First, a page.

by Donald Ray Burger
Attorney at Law

1) Find the original will. The executor named in the will (or other interested party) contacts a lawyer and a contract of employment is signed.

2) The lawyer files the original will with an Application for Probate of Will and Issuance of Letters Testamentary.

3) The County Clerk issues citation and they post notice at the courthouse that an Application for Probate of Will has been filed (Estates Code Section 51.053).

4) After notice has been posted for the requisite time (click here for details), the lawyer contacts the court to which the case has been assigned and gets a hearing date.

5) The lawyer and the named executor attend the court hearing where the facts of death are proved up. If the will was self-proven, only the executor needs to give testimony. If the will was not self-proven, a witness to the will must also testify at the hearing that the will was executed as required by law. A written version of the oral testimony is prepared before the hearing, and that written version is signed by the witness(es) in the presence of court personnel immediately after the oral testimony.

6) When the judge approves the Application for Probate of Will, the executor and the lawyer go to the County Clerk's office where the executor takes the Oath of Executor.

7) While at the County Clerk's office, Letters Testamentary are then ordered from the County Clerk's office. They usually mail them to the lawyer's office within the week. Letters Testamentary are official documents issued by the court authorizing the executor to act for the estate. They are the proof to others that the executor has been qualified by the court.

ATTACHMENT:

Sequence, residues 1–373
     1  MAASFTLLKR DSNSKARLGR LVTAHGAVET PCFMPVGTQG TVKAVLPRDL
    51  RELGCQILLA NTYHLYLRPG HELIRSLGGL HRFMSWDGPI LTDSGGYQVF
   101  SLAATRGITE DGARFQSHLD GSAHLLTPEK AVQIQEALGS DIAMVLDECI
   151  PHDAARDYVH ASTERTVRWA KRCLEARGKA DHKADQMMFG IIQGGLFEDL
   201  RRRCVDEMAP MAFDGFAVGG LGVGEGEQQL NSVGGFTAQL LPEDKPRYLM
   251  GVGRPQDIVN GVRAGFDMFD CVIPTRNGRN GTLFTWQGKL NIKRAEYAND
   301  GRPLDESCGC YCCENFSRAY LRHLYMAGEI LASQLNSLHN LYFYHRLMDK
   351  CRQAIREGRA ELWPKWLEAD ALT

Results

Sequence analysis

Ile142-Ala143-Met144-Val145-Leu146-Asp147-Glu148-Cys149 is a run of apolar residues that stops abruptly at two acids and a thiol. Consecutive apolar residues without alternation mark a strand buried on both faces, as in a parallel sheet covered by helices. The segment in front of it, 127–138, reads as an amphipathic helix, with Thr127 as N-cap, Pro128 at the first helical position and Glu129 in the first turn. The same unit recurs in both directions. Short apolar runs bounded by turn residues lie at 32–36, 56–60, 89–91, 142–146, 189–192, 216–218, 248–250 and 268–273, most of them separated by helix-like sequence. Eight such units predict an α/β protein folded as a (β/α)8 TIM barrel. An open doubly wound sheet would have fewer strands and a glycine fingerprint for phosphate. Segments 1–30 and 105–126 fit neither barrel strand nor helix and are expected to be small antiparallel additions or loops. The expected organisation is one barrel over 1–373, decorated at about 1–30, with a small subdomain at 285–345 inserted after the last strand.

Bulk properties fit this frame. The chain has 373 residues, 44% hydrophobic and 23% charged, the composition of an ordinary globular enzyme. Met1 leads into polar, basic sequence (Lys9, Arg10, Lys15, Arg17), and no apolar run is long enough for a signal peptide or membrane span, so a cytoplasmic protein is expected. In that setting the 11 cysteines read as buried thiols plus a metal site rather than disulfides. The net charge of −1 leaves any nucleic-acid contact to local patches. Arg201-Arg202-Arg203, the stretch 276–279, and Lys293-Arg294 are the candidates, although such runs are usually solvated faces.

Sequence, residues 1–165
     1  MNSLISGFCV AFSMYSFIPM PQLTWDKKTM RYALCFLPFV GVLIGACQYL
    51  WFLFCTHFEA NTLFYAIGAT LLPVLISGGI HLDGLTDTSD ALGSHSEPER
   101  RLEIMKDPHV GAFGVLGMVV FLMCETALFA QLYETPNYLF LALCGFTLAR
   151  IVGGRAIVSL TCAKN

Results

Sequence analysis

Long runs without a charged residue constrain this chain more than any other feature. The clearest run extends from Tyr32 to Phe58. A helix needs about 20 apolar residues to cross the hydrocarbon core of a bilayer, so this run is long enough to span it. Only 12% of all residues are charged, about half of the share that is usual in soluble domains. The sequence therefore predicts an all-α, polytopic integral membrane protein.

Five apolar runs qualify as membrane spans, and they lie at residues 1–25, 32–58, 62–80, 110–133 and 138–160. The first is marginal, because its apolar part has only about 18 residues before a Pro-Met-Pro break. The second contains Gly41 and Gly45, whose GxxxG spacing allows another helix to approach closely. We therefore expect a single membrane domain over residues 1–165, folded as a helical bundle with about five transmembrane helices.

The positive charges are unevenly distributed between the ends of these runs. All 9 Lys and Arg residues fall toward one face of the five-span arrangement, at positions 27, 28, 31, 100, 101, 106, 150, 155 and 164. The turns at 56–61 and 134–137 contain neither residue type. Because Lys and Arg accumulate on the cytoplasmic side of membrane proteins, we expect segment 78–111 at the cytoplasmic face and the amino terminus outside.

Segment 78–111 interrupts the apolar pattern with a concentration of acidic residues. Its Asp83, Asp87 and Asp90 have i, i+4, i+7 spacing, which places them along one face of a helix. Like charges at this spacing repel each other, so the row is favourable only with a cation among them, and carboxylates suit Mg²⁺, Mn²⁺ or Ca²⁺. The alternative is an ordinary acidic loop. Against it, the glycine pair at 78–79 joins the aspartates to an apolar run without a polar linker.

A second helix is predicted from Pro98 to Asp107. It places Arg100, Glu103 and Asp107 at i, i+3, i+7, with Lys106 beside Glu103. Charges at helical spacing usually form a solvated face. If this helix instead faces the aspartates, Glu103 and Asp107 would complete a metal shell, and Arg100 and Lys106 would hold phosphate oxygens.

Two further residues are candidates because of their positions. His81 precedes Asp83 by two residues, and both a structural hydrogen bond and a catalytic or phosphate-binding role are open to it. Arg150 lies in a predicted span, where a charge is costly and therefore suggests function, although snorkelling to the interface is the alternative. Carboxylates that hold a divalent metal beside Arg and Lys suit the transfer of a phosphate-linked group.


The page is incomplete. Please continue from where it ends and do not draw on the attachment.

8) A Notice to Creditors is prepared by the lawyer and sent to a newspaper for publication within one month after receiving Letters Testamentary (Estates Code Section 308.051).

9) Within two months after receiving Letters Testamentary, the executor shall give notice of issuance of such Letters to those having claims against the estate that are secured by real or personal property of the estate (Estates Code, Section 308.053).

10) The newspaper prints the notice and sends a copy of the notice, along with a Publisher's Affidavit about when the notice ran, to the lawyer. The lawyer then files the Affidavit and notice with the court (Estates Code Section 308.052).

11) The lawyer gets a copy of the signed court order admitting the will to probate and, not later than sixty days after the will is admitted to probate, the personl representative sends a certified letter out to each beneficiary named in the will with a copy of the court order and a copy of the will admitted to probate (Estates Code Sections 308.002 and 308.003).

12) Not later than the 90th day after the date of the order admitting will to probate, the personal representative must file with the court a sworn affidavit stating that the notice to beneficiaries has been notified (Estates Code Section 308.004).

13) The executor, with assistance from the lawyer, prepares an Inventory, Appraisement and List of Claims that shows the assets of and claims of the estate as of the date of death. The inventory is filed with the court before the 91st day after the executor is qualified by the court (Estates Code Section 309.051).

14) A final federal income tax return for the year the deceased died is due by April 15 of the following year.

15) Federal estate taxes may be due for larger estates.

16) If any creditors make a claim on the estate, the executor must, within 30 days, either accept or reject the claim or any part of it (Estates Code Section 355.051).

17) The estate is disbursed as provided for in the will.

18) Proper notices are filed in the Deed Records for real estate.

19) New titles are filed for cars, boats and other titled property.

Written by Donald Ray Burger, Attorney at Law
First revision: October 14, 2010.
Further updated with the new Estates Code sections: February 2, 2016.

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